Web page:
• The pattern of repeat victimization is so strong that not all repeat robberies can be attributed to repeat offenders. Repeat robberies also occur because the features that attracted an initial robber—such as an easy escape route that remains unchanged—are likely to attract other like-minded robbers. Some believe that publicity about successful bank robberies attracts copycats, but there is no evidence that this is so.
  • Studies show that the risk of repeat victimization is most acute in the short-term: at least one-third of repeat bank robberies occur within two months of a previous offense. Because bank robberies are a low volume crime, multi-year data is often necessary to identify such patterns. Repeat victimization continues over longer periods of time; these patterns can best be identified when robbed and unrobbed banks are compared. The risk of repeat victimization is so strong that robbed banks are often surrounded by unrobbed banks.

Know the Risk – Raise Your Shield: Travel Awareness

 Office of the Director of National Intelligence

Data breaches compromising personal information result in a broad range of risks to individuals. This includes identity theft, targeting of individuals with knowledge of sensitive government information and internal business processes, and other intelligence activities that use the personal information of U.S. citizens to undermine national security.

The following information is provided to help you understand how your personal information may be used by foreign intelligence services and their proxies, extremists, criminals, hackers, and other bad actors (“bad actors”); what actions to take to limit the risk of your information being exploited; and warning signs that you are being targeted.

Copy the link below to Federal Radio and paste to your browser. It will take you to a very informative and professional presentation on how to protect yourself and your confidential information when travelling. The video is sponsored by the National Counterintelligence and Security Center.

http://federalnewsradio.com/technology/2016/06/what-security-risks-do-travelers-face-abroad/slide/1/

 

 

Compliant Victims

Factors contributing to bank robberies can largely be explained by three factors.

  1. More bank outlets and extended hours increase opportunities for robberies.
  2. Banks remain the most lucrative of all robbery targets; moreover, 80 percent of stolen money is never recovered.
  3. Bank robberies are usually fast, low risk crimes, because employees are trained to comply with a robber’s demands. Moreover, although the risk of arrest is high, much of this risk is short term, and risk – as reflected by clearances – has declined over time.

Increased Opportunity

Much of the growth in the number of bank outlets is attributable to the explosion of mini-branches—also known as in-store branches—in retail grocery stores and big-box retailers such as Wal-Mart. The increase in in-store branches is predominately an urban phenomenon. In-store branches less expensive to open and to operate than traditional branches, and banks can capitalize on exclusive agreements with particular retailers to rapidly increase the number of outlets. Because profit underlies bank expansion efforts, the number of branches within any jurisdiction can substantially expand or contract over time.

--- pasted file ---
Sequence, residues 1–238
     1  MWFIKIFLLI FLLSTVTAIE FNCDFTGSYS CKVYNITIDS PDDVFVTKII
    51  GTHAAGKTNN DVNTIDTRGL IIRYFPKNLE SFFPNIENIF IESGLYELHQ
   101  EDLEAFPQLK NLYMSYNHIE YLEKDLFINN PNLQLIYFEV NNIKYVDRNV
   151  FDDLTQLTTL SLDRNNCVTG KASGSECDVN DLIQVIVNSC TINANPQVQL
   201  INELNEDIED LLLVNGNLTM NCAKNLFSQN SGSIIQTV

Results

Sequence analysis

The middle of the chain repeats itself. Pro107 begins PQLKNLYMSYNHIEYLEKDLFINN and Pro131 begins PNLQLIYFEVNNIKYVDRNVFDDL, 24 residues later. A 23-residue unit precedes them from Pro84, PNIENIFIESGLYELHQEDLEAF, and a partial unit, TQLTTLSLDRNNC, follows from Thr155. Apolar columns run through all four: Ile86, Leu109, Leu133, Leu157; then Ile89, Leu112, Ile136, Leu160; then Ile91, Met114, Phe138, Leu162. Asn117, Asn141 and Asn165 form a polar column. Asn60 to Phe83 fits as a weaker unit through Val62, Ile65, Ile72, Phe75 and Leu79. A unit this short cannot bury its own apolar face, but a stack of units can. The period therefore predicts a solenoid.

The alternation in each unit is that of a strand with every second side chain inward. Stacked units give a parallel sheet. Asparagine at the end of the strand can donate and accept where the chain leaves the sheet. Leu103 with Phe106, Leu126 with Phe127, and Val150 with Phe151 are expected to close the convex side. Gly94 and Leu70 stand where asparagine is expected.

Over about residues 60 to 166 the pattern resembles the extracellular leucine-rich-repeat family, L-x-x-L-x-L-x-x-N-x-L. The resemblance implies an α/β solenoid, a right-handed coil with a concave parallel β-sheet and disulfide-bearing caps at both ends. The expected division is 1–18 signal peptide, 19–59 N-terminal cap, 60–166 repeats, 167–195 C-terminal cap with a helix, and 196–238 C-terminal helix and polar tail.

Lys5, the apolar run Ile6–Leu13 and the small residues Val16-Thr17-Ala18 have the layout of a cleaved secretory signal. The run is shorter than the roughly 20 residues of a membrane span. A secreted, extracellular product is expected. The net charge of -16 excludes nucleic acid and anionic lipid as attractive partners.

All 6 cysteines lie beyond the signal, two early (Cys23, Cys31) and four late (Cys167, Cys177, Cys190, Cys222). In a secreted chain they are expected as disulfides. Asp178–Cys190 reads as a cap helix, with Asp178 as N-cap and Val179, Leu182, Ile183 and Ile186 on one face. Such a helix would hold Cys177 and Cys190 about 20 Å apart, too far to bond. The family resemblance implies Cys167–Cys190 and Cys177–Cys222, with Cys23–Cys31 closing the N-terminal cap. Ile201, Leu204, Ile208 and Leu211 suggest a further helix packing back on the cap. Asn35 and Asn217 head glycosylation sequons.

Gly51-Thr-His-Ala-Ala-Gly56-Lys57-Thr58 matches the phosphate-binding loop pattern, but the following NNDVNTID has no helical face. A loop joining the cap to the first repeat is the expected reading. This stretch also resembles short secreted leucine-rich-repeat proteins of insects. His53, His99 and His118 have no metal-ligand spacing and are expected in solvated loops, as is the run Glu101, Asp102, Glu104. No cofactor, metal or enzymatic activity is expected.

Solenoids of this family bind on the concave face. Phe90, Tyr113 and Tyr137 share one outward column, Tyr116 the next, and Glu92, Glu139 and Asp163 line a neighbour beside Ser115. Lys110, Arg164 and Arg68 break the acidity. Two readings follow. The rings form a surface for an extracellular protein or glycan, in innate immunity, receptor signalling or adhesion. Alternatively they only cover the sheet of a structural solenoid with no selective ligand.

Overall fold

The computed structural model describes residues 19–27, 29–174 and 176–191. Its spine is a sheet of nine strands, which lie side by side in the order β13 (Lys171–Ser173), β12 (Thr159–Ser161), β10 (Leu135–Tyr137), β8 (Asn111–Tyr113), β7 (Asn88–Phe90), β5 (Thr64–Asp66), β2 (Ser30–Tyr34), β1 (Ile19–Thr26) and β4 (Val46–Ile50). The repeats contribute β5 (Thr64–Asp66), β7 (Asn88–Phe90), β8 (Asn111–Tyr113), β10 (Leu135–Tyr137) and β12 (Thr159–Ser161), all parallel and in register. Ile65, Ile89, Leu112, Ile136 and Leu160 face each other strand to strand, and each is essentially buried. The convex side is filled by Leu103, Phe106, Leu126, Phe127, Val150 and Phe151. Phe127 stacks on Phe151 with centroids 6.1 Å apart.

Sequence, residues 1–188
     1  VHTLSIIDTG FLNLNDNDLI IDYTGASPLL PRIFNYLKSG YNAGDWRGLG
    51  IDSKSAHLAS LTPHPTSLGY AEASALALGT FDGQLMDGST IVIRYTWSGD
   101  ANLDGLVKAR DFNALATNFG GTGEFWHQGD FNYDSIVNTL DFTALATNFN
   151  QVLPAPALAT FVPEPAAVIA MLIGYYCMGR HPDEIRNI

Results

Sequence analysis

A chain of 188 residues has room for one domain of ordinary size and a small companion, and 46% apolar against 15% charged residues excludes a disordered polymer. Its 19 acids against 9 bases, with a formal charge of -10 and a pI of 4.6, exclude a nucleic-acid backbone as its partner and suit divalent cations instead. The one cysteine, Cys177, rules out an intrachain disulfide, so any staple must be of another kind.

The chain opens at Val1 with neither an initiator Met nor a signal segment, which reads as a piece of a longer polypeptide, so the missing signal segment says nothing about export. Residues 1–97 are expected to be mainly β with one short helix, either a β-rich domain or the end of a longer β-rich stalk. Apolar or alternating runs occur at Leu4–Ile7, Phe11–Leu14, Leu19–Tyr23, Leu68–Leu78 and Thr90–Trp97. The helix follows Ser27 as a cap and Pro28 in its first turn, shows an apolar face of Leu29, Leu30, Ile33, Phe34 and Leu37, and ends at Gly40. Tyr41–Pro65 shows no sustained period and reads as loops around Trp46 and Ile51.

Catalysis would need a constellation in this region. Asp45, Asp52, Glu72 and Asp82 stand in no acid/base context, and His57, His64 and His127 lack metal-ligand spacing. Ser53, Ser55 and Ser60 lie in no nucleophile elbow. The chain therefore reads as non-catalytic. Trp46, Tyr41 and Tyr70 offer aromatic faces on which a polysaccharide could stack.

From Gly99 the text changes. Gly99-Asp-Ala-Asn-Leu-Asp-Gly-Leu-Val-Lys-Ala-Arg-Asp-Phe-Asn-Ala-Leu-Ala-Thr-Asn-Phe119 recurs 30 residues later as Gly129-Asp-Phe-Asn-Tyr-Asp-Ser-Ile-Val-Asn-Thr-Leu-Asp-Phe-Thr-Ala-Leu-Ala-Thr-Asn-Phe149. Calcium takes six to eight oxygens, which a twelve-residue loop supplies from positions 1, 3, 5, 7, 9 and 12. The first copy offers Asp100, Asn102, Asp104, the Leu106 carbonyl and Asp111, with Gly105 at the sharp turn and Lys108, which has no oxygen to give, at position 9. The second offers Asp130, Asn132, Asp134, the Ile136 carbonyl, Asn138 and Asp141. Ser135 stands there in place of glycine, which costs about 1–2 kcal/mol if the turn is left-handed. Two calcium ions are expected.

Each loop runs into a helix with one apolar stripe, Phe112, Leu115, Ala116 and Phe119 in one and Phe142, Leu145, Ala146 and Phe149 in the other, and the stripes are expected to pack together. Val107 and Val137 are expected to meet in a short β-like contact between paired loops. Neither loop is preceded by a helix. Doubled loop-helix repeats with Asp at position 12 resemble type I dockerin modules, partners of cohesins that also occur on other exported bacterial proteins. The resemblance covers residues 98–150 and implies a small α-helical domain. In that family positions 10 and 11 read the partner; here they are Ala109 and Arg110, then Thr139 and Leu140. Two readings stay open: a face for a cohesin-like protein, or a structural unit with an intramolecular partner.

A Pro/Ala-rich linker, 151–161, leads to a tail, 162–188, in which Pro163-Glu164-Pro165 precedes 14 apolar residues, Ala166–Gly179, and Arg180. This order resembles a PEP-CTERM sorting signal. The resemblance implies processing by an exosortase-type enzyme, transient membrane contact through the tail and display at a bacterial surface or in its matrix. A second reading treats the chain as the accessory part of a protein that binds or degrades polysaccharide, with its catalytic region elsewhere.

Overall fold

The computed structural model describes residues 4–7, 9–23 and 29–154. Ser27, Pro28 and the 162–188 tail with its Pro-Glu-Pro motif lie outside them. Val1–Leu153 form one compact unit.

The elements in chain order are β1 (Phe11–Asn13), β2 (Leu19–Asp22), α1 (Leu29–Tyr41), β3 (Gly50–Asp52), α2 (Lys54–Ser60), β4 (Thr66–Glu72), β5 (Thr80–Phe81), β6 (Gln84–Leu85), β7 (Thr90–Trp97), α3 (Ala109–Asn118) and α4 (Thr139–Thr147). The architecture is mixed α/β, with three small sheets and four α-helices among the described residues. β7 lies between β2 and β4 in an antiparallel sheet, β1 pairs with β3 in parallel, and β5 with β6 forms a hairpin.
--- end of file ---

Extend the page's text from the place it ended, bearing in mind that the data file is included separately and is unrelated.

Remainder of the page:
Once well-known for “banker’s hours”—referring to a short working day— many branches now have extended operating hours. To attract customers, virtually all in-store branches remain open into the evening hours during the week, operate a full day on Saturday, and may offer Sunday hours as well. The increase in operating hours effectively increases bank exposure to robbery by at least 25 percent. As banks have become more convenient for their customers, they have also become more convenient for robbers.

Lucrative Rewards

Although many banks limit the amount of cash on hand and control access to it within the branch, banks nevertheless remain a source of easy cash for robbers. In fact, banks are the most lucrative commercial robbery targets. In the United Kingdom, banks suffer the highest average losses from armed robberies. In the United States, bank robbers net just over $4,000 per robbery; this represents about 60 percent of financial losses from commercial robberies, despite the fact that bank robberies comprise less than 10 percent of the total for this crime type.

Although the average take hardly seems worth the punishment, interviews indicate that most robbers would be satisfied with much less. In addition, although many bank robbers are eventually apprehended, the stolen money usually is not: only 20 percent of money taken in bank robberies is ever recovered.

Low Risk

For a robber, there are three main reasons why bank branches may be considered predictable and relatively low-risk targets.

  1. Branches have standardized designs and predictable layouts and operations.
  2. Bank employees are unarmed and consistently compliant. Even robbery transactions are handled quickly and efficiently.
  3. Employee characteristics affect a robber’s perception of compliance; tellers are often young and predominantly female, whereas robbers are predominantly male.

Predictable Design

Banks have highly uniform business practices and interior designs. Branches have a predictable physical footprint that features a centralized entry and a group of chest-high teller windows arrayed in close proximity to the entrance. Although such uniformity may help customers feel comfortable banking in any branch, it also provides great predictability for robbers.

Compliant Victims

During a robbery, bank practices are highly standardized; consequently, robbers know that they can count on compliant victims. Most banks—consistent with police advice—direct employees to comply quickly with robbers’ demands. Tellers willingly empty their cash drawers when presented with a simple robbery demand note, whether or not violence is threatened or a weapon is displayed. The bank’s primary objective is to protect the safety and security of its employees and customers by reducing the likelihood of violence. Consequently, the risk that a robber will encounter resistance is extremely low.

Bank employees are so compliant that the robbery itself is a quick and efficient transaction; more than two-thirds of bank robberies are completed in three minutes or less. Robbers often wait in the teller’s line with legitimate customers and pass a demand note to the teller. In many robberies, the event is handled so discreetly that other customers and even other employees are not even aware that a crime has occurred until after the robber has left the premises.

Ambush Attackers

Bank robbers are predators that rely on their ability to stalk, and ambush your employees and patrons. It is crucial to deny these ambush attackers access to your employees and patrons; the opportunities to stalk them, and to cause them harm.

Call today. Isotec Safety Entrances can protect your employees and patrons. 303.800.3344